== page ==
CHENNAI: It was learning by mutual exchange for both the teachers and students of Grade 5 at the Chettinad Hari Shree Vidyalayam, as teachers of Holywell Primary School, Loughborough, UK, visited their school.
The week-long visit by the UK teachers was sponsored by the British Council as part of the Global School Project Reciprocal Visit Grant. The grant facilitates primary teachers from each school to visit their partner schools. As part of this project, they worked with Grade 5 students, interacting and observing the curricular and co-curricular activities of the school, with whom the corresponding class in Holywell is engaged in this global collaborative project. The students from both the sides have their pen pals and they exchange letter and gifts through their teachers, which help them understand each other and their cultures better.
Heather Allison, one of the visiting teachers, said, “It was amazing we could share ideas and methodologies. The children are curious and interactive.” Ian Marjoram, the other visiting teacher, said, “Sharing work between two schools has been very enjoyable. The students were very excited to be part of it.”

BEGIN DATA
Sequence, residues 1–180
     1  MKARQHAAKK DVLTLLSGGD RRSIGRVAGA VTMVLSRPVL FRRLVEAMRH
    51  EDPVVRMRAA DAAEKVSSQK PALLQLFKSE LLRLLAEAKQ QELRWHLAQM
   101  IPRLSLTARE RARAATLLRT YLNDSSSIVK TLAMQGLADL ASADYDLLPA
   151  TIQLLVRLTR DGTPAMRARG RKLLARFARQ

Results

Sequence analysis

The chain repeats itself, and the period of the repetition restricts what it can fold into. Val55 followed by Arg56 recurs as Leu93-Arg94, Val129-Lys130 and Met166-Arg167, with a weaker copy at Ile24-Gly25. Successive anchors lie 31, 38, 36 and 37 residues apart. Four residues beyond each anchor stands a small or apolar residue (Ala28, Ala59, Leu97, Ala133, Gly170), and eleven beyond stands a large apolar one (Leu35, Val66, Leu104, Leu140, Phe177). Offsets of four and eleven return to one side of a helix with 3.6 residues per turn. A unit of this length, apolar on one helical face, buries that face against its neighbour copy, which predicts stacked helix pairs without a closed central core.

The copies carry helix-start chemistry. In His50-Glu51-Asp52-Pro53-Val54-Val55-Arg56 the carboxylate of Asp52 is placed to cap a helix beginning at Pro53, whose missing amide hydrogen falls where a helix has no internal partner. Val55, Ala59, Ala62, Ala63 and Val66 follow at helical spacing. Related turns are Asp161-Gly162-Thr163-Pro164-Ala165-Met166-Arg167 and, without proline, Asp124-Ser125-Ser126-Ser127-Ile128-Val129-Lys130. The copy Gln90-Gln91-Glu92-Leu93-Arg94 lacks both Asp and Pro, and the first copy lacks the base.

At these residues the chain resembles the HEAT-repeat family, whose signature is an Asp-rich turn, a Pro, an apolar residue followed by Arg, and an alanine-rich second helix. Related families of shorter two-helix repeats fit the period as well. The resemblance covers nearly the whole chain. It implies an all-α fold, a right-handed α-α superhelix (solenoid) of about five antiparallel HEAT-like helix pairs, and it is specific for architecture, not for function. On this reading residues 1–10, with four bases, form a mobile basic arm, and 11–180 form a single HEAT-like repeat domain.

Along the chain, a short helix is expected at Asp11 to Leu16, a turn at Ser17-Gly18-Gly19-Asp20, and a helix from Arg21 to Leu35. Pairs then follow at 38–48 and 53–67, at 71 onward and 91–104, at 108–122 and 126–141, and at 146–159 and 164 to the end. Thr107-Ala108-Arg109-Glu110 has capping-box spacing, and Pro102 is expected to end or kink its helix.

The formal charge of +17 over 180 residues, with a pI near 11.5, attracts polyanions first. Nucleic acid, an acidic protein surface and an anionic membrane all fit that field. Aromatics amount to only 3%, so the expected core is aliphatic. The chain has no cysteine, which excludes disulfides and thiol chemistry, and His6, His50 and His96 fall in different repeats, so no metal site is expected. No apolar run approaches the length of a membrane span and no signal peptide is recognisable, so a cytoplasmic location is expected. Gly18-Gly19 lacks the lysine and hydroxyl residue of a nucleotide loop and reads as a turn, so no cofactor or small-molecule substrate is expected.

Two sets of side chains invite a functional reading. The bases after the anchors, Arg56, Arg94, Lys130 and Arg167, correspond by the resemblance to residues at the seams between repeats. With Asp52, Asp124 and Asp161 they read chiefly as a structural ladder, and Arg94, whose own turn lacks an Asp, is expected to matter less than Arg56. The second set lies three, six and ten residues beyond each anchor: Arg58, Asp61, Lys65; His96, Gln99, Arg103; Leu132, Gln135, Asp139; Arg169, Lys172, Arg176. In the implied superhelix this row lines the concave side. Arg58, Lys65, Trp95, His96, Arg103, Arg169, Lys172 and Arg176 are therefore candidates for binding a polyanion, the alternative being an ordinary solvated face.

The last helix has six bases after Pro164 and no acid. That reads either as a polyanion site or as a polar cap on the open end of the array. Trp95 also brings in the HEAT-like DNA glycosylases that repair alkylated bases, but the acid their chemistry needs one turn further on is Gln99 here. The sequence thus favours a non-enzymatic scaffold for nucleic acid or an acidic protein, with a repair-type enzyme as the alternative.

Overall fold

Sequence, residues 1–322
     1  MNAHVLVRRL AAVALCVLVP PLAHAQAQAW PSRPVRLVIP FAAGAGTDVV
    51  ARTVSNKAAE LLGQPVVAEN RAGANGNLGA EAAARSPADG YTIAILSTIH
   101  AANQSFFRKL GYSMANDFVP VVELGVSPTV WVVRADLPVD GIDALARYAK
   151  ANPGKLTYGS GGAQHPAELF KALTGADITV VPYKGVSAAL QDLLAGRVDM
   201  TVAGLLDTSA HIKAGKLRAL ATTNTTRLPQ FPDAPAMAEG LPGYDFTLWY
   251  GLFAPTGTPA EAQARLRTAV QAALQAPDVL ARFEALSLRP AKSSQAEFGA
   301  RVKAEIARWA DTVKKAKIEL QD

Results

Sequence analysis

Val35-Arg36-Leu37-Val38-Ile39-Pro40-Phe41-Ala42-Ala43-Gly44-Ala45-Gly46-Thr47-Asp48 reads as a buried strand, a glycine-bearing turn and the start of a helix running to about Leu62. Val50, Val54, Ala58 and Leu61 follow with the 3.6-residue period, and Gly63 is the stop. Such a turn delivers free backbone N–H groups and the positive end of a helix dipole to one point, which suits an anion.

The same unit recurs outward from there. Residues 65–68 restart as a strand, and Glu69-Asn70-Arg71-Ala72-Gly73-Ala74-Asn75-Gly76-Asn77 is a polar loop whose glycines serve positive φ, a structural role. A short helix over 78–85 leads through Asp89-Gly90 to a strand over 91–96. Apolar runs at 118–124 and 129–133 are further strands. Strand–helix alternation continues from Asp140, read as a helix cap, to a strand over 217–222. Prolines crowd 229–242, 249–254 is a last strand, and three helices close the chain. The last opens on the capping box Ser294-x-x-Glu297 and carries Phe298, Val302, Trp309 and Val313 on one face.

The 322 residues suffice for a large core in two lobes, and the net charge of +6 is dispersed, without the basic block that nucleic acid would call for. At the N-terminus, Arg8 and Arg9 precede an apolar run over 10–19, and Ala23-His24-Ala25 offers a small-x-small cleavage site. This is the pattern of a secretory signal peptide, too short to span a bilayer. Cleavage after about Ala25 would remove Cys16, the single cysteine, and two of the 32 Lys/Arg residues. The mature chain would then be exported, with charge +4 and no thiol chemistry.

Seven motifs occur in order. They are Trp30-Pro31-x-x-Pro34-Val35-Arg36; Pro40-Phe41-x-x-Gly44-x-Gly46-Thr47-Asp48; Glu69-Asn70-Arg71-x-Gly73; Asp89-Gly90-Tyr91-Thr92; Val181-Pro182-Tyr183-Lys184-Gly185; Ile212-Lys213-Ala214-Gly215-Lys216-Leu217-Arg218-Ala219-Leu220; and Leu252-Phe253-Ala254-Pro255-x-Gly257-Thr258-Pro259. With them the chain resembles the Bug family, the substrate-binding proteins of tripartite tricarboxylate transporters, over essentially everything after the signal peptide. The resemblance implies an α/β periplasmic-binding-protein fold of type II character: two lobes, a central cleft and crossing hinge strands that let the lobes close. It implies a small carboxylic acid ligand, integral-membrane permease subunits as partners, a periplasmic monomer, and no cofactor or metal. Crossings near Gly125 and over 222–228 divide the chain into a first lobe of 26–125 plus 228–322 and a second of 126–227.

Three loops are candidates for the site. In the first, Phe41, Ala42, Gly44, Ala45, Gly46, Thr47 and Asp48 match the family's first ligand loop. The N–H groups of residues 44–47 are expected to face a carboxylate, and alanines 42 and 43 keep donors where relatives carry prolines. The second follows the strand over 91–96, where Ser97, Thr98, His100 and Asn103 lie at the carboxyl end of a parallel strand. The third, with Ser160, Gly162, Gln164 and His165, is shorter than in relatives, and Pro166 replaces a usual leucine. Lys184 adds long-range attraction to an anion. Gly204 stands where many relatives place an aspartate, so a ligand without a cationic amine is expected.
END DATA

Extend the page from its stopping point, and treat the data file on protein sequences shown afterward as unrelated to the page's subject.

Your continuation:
Chitra Mohan Kumar, a teacher from Chettinad Hari Shree Vidyalayam, who had visited the Holywell Primary School earlier, shared her experience. She said, “I felt students in the Holywell were much more disciplined than our students here. I guess it is kind of grilled in their system to listen to rules and act accordingly and not act fussy and disorderly.”
An interesting outcome, perhaps, is that the management of Chettinad Hari Shree Vidyalayam has started talking to parents to ensure that the children were not too pampered at home, which ended up reflecting in their behaviour at school.
As a part of this collaborative project, children in both the schools worked to gain understanding on the topic ‘Who am I’ and exploring this topic in each other’s milieu. The visiting teachers also introduced the students for the first time in their lives to the concept of ‘Water Charity’ where they were taught about the importance of clean drinking water and how not many people had access to it.
Said Chitra, “For the students in the UK, they have no idea that there could be people who do not have access to clean drinking water. I believe introducing them to such concepts at an early age will help them grow up to be socially conscious adults.”